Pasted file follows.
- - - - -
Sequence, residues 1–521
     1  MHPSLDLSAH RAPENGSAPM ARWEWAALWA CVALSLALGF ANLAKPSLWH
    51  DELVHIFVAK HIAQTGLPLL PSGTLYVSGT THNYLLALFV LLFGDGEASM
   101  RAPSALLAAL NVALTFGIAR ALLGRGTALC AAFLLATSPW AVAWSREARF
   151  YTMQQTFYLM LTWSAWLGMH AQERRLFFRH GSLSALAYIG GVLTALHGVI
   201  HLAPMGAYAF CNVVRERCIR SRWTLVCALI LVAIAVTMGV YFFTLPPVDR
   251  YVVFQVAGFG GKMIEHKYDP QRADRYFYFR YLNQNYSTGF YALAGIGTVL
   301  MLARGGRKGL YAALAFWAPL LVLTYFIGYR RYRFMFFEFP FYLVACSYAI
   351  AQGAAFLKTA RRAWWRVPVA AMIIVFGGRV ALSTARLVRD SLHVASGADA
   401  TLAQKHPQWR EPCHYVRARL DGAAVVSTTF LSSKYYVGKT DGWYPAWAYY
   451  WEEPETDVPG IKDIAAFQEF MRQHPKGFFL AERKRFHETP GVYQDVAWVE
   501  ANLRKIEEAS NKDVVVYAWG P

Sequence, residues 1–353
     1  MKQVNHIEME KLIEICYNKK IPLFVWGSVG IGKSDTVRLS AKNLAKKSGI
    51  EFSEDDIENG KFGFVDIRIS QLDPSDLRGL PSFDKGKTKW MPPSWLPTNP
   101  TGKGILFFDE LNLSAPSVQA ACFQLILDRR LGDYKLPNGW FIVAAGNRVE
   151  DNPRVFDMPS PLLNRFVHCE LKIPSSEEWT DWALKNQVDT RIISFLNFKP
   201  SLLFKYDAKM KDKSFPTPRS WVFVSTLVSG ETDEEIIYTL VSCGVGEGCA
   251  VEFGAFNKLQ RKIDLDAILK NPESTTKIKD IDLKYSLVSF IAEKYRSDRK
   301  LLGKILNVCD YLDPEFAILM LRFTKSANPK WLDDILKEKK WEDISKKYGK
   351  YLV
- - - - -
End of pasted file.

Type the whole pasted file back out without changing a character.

Sequence, residues 1–521
     1  MHPSLDLSAH RAPENGSAPM ARWEWAALWA CVALSLALGF ANLAKPSLWH
    51  DELVHIFVAK HIAQTGLPLL PSGTLYVSGT THNYLLALFV LLFGDGEASM
   101  RAPSALLAAL NVALTFGIAR ALLGRGTALC AAFLLATSPW AVAWSREARF
   151  YTMQQTFYLM LTWSAWLGMH AQERRLFFRH GSLSALAYIG GVLTALHGVI
   201  HLAPMGAYAF CNVVRERCIR SRWTLVCALI LVAIAVTMGV YFFTLPPVDR
   251  YVVFQVAGFG GKMIEHKYDP QRADRYFYFR YLNQNYSTGF YALAGIGTVL
   301  MLARGGRKGL YAALAFWAPL LVLTYFIGYR RYRFMFFEFP FYLVACSYAI
   351  AQGAAFLKTA RRAWWRVPVA AMIIVFGGRV ALSTARLVRD SLHVASGADA
   401  TLAQKHPQWR EPCHYVRARL DGAAVVSTTF LSSKYYVGKT DGWYPAWAYY
   451  WEEPETDVPG IKDIAAFQEF MRQHPKGFFL AERKRFHETP GVYQDVAWVE
   501  ANLRKIEEAS NKDVVVYAWG P

Sequence, residues 1–353
     1  MKQVNHIEME KLIEICYNKK IPLFVWGSVG IGKSDTVRLS AKNLAKKSGI
    51  EFSEDDIENG KFGFVDIRIS QLDPSDLRGL PSFDKGKTKW MPPSWLPTNP
   101  TGKGILFFDE LNLSAPSVQA ACFQLILDRR LGDYKLPNGW FIVAAGNRVE
   151  DNPRVFDMPS PLLNRFVHCE LKIPSSEEWT DWALKNQVDT RIISFLNFKP
   201  SLLFKYDAKM KDKSFPTPRS WVFVSTLVSG ETDEEIIYTL VSCGVGEGCA
   251  VEFGAFNKLQ RKIDLDAILK NPESTTKIKD IDLKYSLVSF IAEKYRSDRK
   301  LLGKILNVCD YLDPEFAILM LRFTKSANPK WLDDILKEKK WEDISKKYGK
   351  YLV